The agent for Slava Voynov will attempt to have the Kings defenseman's indefinite suspension lifted by the NHL, saying he feels Voynov's rights are being "infringed right now."
Voynov's camp has become discouraged by the pace of the process. Counting Thursday night against the New York Islanders, he will have missed eight games since he was arrested on suspicion of domestic violence last month.
He has not been charged and Redondo Beach Police Lt. Joe Hoffman said via email that detectives are scheduled to meet with the Los Angeles County district attorney's office Monday.
Rolland Hedges, Voynov's agent, referred to a new section of the collective bargaining agreement in which there is an application for a hearing. He said an option would be to ask the NHL to hear Voynov's concerns and rule on whether he could return instead of waiting for the prosecutor's office to make a decision on the case.
Hedges also said he would need to discuss the hearing option with the NHL Players' Assn. and Voynov's attorney before a decision could be made on the matter.
"The player hasn't been charged with any offense at this point and it's very difficult for the NHL. We understand that," Hedges said by phone Thursday. "The NHLPA, we understand that, as well.
"But there comes a point where the player's rights have to be looked at. From this point forward, the player is going to see what can be done to have the suspension lifted. The player has no control over the criminal prosecution at this point, nor should he.
"But he has cooperated with everything he's been asked to do. All he's doing is to look forward to get back to playing hockey. If he is subsequently charged, he looks forward to defending himself on those charges, if in fact they do occur."
NHL Deputy Commissioner Bill Daly said no request for a hearing has been made yet, adding via email:
"What I will say is that, to this point, Mr. Voynov has not participated in the League's efforts to investigate the matter — which, I want to be clear, is his legal and contractual right — but unless and until he is prepared to engage in that process, I don't see the status quo changing."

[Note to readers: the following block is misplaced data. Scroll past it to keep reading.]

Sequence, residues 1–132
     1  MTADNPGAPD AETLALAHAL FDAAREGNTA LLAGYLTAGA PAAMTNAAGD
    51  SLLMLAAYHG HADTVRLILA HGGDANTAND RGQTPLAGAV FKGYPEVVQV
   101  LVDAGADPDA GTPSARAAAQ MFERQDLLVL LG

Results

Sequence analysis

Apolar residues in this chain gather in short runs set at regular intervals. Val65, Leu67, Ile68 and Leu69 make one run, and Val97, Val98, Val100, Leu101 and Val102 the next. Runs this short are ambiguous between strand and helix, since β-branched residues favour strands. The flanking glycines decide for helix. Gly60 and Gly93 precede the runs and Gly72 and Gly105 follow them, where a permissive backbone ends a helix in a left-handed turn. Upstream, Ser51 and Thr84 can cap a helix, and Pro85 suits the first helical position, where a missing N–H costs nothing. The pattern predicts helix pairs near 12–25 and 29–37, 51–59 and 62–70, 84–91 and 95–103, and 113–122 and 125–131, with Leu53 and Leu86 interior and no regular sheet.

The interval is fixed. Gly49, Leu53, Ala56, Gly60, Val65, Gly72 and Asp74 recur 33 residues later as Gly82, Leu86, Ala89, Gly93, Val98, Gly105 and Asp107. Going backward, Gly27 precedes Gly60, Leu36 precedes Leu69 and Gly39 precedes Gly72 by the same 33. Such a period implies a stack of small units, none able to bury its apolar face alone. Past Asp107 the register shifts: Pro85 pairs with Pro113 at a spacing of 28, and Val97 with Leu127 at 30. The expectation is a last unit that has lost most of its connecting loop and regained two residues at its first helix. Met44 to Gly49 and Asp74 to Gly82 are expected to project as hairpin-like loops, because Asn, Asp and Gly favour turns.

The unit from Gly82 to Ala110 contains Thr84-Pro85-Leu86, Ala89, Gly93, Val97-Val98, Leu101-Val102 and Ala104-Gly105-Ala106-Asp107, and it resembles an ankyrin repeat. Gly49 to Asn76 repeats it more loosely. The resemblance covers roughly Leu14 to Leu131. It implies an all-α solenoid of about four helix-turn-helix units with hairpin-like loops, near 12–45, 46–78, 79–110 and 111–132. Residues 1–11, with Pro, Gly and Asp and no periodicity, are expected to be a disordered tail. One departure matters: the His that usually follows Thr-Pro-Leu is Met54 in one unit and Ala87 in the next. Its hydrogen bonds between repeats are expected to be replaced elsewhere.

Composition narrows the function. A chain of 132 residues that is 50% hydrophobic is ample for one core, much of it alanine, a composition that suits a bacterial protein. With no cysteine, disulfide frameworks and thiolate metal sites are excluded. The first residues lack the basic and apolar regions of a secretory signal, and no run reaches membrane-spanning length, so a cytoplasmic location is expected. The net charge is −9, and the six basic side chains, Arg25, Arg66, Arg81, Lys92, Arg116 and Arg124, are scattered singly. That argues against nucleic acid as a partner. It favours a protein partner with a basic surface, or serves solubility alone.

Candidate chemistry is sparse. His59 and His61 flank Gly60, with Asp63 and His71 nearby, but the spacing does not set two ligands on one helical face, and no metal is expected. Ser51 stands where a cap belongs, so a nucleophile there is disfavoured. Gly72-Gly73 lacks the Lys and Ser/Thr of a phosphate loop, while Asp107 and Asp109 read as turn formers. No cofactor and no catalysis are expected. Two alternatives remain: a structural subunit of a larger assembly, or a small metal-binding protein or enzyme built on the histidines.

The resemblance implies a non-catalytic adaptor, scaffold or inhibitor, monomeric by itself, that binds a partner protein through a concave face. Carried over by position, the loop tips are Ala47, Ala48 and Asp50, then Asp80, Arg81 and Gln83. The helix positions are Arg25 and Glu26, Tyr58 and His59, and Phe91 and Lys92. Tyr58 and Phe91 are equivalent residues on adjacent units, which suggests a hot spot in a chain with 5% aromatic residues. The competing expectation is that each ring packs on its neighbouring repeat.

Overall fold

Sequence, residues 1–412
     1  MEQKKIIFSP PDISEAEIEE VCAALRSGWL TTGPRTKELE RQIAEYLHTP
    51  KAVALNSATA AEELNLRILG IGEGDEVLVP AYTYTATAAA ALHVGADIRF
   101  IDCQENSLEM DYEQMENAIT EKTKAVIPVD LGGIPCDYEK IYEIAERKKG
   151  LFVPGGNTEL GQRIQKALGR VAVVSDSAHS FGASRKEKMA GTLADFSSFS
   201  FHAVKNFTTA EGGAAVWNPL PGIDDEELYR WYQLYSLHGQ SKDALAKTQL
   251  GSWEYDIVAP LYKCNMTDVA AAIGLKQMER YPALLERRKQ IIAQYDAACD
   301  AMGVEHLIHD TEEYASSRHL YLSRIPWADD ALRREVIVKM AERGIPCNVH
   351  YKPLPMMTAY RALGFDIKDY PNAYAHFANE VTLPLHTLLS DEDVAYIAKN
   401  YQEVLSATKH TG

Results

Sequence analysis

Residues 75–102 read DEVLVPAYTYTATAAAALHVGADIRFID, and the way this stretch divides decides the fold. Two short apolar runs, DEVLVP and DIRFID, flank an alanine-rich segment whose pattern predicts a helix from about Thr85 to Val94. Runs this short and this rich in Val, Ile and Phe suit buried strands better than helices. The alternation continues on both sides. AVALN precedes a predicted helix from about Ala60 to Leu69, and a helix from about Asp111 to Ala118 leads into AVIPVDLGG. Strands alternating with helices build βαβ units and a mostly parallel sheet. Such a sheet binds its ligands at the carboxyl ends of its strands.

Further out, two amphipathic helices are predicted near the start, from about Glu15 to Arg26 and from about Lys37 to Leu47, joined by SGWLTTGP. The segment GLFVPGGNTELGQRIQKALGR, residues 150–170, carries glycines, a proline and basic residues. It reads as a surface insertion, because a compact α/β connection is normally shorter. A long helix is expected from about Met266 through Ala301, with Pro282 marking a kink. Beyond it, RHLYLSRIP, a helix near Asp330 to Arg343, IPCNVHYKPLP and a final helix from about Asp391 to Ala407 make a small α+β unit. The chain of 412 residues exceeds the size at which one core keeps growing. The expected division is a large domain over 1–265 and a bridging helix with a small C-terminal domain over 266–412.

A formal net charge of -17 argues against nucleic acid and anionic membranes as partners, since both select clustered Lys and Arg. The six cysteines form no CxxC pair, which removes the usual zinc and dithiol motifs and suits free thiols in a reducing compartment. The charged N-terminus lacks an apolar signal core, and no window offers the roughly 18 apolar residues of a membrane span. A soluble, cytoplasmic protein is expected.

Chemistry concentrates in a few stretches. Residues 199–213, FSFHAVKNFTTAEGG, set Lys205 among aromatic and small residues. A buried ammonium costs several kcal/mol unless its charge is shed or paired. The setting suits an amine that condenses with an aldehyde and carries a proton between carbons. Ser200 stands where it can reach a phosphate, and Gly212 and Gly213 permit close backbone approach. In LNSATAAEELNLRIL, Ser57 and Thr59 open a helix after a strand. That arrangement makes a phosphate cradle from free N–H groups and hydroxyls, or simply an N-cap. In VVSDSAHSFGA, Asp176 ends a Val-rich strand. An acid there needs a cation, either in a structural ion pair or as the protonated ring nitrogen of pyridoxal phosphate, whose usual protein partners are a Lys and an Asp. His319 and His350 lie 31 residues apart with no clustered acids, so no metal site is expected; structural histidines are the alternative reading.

Section 18-A.4 of the CBA deals with appeals of the commissioner's determination, stating, "… the NHLPA, on a Player's behalf, may file an appeal to the Impartial Arbitrator by giving notice to the League in writing."
Voynov's defense attorney Craig Renetzky confirmed by phone Thursday that Voynov has not been interviewed by the league. It would be highly unusual if that had occurred with the criminal case still pending.
Renetzky said he thought the NHL went too far regarding Voynov's situation, saying the suspension has been longer than anyone anticipated at the start, adding that Voynov's wife did not think a crime had been committed. She was given medical attention at a hospital emergency room in late October, police said at the time, and Voynov later was arrested.
Said Hedges: "There does come a point, let's respect the rights of the player as well. Now just look at how the public perception views this. We've done that. Now let's respect Mr. Voynov's rights and give him his time.
"Everybody's just waiting for the prosecutor's office to do something. … We've been patient. From this point forward, we're going to see what rights we have. We actually know what rights we have. Have the league and NHLPA adopt this new procedure and move the [case] forward."
Helene Elliott contributed to this report.
©2014 the Los Angeles Times
Visit the Los Angeles Times at www.latimes.com
Distributed by MCT Information Services